The data for Tesla's in-vehicle displays gets updated so often that the memory chips in older models are getting worn out, which can be a very big problem.
According to several Tesla repair professionals, the embedded NAND-based eMMC memory found in older Model S, X units are wearing out and bricking the in-vehicle displays. With the Flash memory down, drivers no longer have access to some of the vehicle’s features, including climate control, autopilot, and lighting control. While owners can still technically drive the affected EVs (electric vehicles), they will not be able to charge them, effectively making the cars inoperative.
The problem with the embedded eMMC chips is that they regularly update Tesla’s vehicle logs, and over time, the storage medium begins to lose space and thus will have to overwrite new data over the old. These constant updates wear out the Flash memory faster than normally expected, which ultimately leads to failure.
The issue has been known since May of this year when a YouTube video popped-up from Rich Benoit (Tesla repair specialist) who interviewed Phil Sadow (another Tesla specialist) on the matter. In the video, Phil states, “Well, Tesla’s got a problem. On these things, there’s a chip here called an eMMC, and it’s basically an SSD drive, like a Flash drive, or like in your Android phone you can find the same thing. They create so many logs in the car, they write to the chip so fast that it burns them out.”
According to an article from InsideEVs in October, that eMMC issue continued to be a growing problem as reports from three Tesla repair professionals at several different locations- Jason Hughes (@ 057 Technology, North Carolina), Robert Cotran (@ Cotran Consulting, Quebec), and Pete Gruber (@ Gruber Motors, Arizona) experienced the same issue concerning the memory on the MCUv1 (Media Control Unit).
The embedded eMMC Flash storage in
older Tesla Model S and X units are failing
due to constant log updates, which causes
a myriad of problems, including the ability
to charge the vehicle. (Source: Tesla)
The problem became compounded when new firmware updates were introduced that brought additional features to the EVs, which acted as fuel to further fire on the wearing progress. The firmware wasn’t an issue at the beginning, the logged data had plenty of memory to handle the load, but each firmware upgrade brought new features along with it, lessening the amount of storage space via each update. Flash memory in any form (eMMC, NAND, NOR, etc.) are only rated for a finite amount of write cycles (program/erase cycles), with most commercial offerings estimated at 100,000 before becoming unreliable.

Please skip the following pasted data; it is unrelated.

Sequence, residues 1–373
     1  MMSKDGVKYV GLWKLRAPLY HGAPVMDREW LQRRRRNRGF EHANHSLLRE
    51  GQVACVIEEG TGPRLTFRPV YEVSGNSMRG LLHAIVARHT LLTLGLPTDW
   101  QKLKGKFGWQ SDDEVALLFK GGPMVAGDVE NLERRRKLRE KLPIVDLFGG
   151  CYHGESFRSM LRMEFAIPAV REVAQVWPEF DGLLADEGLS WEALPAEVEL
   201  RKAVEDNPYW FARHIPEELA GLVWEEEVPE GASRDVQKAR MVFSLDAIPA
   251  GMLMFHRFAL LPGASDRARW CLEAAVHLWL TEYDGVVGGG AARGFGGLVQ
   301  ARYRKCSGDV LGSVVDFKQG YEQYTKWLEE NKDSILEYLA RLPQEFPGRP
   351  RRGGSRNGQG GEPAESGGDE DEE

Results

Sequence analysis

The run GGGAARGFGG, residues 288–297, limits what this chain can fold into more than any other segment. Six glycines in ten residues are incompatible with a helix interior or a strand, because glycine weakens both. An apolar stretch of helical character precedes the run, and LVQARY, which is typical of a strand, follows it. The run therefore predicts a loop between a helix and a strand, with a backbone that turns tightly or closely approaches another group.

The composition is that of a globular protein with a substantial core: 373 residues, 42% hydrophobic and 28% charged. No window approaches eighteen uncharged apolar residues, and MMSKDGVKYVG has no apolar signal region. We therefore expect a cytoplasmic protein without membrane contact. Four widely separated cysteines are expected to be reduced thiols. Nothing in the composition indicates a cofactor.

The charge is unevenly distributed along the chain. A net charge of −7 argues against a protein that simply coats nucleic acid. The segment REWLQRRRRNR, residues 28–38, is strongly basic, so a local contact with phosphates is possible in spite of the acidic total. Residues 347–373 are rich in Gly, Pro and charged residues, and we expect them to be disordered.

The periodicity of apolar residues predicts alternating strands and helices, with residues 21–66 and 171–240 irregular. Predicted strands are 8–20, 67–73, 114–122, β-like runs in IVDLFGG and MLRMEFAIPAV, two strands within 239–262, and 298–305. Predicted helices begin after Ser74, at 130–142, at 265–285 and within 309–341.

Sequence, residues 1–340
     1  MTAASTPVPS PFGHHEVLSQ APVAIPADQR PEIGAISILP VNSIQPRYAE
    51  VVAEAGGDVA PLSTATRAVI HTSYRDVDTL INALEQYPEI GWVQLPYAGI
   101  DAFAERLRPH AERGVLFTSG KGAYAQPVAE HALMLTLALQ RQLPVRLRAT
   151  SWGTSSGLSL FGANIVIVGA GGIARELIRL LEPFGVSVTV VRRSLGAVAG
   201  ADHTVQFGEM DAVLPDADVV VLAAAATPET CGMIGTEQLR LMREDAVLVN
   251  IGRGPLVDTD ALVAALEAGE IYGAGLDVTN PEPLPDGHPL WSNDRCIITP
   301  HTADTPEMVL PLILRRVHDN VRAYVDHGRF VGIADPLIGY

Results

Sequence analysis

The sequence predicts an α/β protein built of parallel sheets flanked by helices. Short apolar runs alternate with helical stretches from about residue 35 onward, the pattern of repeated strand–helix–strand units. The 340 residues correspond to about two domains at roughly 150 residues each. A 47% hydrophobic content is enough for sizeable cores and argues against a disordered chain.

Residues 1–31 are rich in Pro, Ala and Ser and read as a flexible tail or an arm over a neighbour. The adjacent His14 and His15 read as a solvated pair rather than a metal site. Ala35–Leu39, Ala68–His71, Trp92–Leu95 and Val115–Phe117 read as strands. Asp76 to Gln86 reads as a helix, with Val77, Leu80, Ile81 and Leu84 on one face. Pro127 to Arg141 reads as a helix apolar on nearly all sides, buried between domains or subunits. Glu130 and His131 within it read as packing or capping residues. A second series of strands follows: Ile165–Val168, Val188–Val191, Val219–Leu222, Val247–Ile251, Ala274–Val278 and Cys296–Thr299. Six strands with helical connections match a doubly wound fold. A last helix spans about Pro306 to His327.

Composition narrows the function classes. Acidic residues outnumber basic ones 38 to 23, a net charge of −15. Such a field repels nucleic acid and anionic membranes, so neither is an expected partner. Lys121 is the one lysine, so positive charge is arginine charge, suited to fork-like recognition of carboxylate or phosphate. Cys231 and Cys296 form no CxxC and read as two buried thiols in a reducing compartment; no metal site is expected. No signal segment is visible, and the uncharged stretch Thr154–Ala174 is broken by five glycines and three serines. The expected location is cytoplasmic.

The MCUv1 units supplied for the Tesla Model S and X, up until 2018, feature an Nvidia Tegra Arm-based SoC with 8Gb of eMMC integrated into the same board, which is hosted on a mainboard. Tesla’s firmware size over the years went from a paltry 300Mb to a full 1Gb over an estimated four year period, which consumes much of the storage space in that Flash. Add on the constant vehicle log updates, and the failure rate of those chips increased exponentially.
The firmware is essentially competing for space with data logs, and when that happens, the Flash controller uses a mechanism known as wear-leveling technique that spreads out write operations across the chip instead of in isolated sectors. It’s intended to extend the number of write cycles of the memory before it becomes degraded. Tesla’s firmware utilizes nearly 100% of that space available, so it’s almost impossible to use wear-leveling for the vehicle logs.
When eMMC failure occurs, Tesla replaces the entire MCU if it’s still under its warranty period, and if it no longer is, it’s up to the owner to pay for a replacement, which can cost up to $1,800 at Tesla’s service centers for parts and labor. This brings another problem, as most Tesla service centers have limited stock on parts for older models, and independent Tesla repair professionals usually have to rely on salvaged parts from wrecks.
Independent Tesla repair professional Jason Hughes tweeted Elon Musk
about the eMMC wear problem, to which Elon replied that the issue
“should be much better now.” (Image credit: Jason Hughes via Twitter)
Hughes took to Twitter to address that fact in an October Tweet stating, “In the past month I’ve done repairs/replacements on over a dozen @Tesla MCUv1 units for customers suffering from eMMC flash failure. @elonmusk, you really need to tell the engineers to fix the logging wear in /var. It’s literally killing a huge percentage of these units.” It’s unknown how many Tesla Model S and X owners have encountered this issue if it’s widespread or just a few isolated incidents. Tesla has yet to make a public statement on the matter, however Tesla CEO Elon Musk did reply to Hughes Tweet stating, “Should be much better at this point.”